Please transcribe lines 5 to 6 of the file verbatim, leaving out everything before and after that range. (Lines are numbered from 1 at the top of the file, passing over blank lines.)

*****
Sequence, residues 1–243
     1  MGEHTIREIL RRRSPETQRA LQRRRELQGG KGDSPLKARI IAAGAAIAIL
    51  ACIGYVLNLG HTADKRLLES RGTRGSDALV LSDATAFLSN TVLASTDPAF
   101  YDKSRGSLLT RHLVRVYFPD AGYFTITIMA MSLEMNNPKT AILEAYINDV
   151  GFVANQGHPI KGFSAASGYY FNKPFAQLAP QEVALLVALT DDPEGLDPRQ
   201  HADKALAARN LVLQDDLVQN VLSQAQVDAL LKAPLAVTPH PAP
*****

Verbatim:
   151  GFVANQGHPI KGFSAASGYY FNKPFAQLAP QEVALLVALT DDPEGLDPRQ
   201  HADKALAARN LVLQDDLVQN VLSQAQVDAL LKAPLAVTPH PAP